It was the last Thursday in April. The weather was beautiful. Spring had taken up permanent residence in Maryland. My company had decided to hold an all-hands meeting. There hadn’t been one since a year before and it was time to address the troops. There had been some changes recently. Roger, the VP of Business Development had left to join another company about six weeks before. He had brought quit a few people into the company to include me and Gale, the sole program managers in the company. George, the VP for HR, had also left to start his own security services company. He was originally hired as the security officer and was kind of pushed into also doing HR. He had expressed many times his distaste for all things HR. These two were very popular in the company and many were upset at their departure.
Mike started the meeting. It was a “the-company-is-great”, “this-past-year-was-a-little-rough-but-the-future-is-bright,” type of speech. Pretty normal, I thought, for a state of the company all-hands, though a little embellished. But that is what company Presidents do.
After Mike made his comments, he handed the presentation over to Todd. Todd brought up a slide showing the company’s organization chart. Mike, of course, was at the top as President, Todd, the Executive Vice President, directly below him followed by the different departments and their heads.
The various departments, Hardware, Operations, HR, etc, had their assigned employees listed under the department heads. Gale and I were not listed. We were unsure where we would end up. When we were first hired, we fell under Roger, the VP for Business Development. This was probably because he convinced the company to hire us. We then were given to Todd for awhile and then moved to Carol, the VP of Operations. Eventually, we went back to Todd after our relationship with Carol became extremely contentious.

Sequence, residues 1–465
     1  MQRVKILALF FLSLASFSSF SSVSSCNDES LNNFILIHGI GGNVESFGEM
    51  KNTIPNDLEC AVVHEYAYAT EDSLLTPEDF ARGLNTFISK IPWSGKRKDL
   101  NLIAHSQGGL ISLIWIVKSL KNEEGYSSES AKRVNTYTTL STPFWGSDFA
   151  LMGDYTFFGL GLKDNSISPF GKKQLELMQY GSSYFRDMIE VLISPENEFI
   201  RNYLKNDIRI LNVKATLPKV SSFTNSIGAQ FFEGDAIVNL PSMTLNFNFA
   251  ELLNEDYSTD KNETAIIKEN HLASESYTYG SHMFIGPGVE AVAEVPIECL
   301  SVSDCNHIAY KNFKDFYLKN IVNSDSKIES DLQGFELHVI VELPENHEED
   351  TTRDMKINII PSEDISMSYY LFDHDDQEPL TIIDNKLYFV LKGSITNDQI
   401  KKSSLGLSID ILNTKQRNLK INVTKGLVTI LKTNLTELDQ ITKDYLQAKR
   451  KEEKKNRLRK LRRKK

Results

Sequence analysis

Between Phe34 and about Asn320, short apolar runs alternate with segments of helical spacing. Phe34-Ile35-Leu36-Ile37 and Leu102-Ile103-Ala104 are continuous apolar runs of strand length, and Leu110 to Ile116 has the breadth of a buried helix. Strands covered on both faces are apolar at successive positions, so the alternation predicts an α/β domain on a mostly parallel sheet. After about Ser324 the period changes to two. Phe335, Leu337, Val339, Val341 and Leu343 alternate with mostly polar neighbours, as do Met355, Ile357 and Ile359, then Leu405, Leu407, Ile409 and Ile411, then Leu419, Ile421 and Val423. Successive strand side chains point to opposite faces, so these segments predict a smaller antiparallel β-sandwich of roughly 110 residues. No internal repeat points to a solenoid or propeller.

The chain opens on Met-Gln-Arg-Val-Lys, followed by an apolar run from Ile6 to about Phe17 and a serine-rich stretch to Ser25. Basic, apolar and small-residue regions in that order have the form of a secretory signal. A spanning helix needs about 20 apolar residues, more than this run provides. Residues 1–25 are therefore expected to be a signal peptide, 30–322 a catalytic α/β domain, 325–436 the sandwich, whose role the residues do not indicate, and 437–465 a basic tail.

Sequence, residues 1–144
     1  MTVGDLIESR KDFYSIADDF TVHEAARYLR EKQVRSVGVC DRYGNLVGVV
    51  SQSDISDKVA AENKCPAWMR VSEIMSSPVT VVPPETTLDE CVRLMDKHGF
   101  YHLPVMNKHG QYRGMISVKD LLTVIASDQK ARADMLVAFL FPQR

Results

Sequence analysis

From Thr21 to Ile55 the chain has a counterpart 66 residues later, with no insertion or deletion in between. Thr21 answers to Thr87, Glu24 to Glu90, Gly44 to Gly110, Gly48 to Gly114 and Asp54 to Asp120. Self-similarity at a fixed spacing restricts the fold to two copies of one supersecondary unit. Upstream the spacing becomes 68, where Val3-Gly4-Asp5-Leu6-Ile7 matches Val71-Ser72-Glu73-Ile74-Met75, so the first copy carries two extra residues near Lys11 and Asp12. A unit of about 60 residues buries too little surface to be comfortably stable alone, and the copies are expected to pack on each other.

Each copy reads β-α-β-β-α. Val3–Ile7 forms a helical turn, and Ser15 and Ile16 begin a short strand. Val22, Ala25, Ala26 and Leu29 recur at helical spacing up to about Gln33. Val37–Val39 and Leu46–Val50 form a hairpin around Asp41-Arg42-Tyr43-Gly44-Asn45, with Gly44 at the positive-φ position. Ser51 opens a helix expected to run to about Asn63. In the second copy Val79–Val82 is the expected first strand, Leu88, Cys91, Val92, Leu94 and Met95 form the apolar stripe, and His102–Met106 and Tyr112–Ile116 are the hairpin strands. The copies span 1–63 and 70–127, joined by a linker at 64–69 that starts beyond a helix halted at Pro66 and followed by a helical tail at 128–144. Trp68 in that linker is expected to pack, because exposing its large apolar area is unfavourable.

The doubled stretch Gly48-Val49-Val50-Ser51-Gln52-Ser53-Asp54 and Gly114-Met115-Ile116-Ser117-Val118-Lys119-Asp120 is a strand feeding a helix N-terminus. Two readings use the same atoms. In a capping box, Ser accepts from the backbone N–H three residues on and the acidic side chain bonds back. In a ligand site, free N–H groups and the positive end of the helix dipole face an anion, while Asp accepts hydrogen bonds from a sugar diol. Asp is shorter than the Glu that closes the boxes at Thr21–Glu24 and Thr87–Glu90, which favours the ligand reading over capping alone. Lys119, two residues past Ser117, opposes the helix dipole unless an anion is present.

“Well, we aren’t under Carol. But, we aren’t listed anywhere. There is no program management box on the chart,” Gale said to me. I just shrugged. Who knew at that point. We had been handed off so much I felt like the fruitcake at Christmas nobody wanted. I thought maybe they hadn’t figured it out, yet.
Todd went on for awhile and then Peter spoke about happenings in hardware and Anna talked about HR things. Mike wrapped up with more cheer-leading and thank yous to the employees and closed the meeting. At the end, we were given travel mugs emblazoned with the company logo as a gift to commemorate the company’s 10th anniversary.
The next day, Friday, Todd approached me around 10:00 in the hallway as I walked out of Allen’s office.
“Got a minute?”
“Sure,” I said. I grabbed my notepad and a pen and followed him down the hallway, away from his office and towards the other end of the hallway. Now, some would say I should have seen this coming. Maybe, deep down, I had a suspicion but I honestly was clueless as I walked behind him. Things were in the works. Maybe they wanted me to take on a new project, or maybe there was going to be another change in our assignments. There were no hints leading up to this.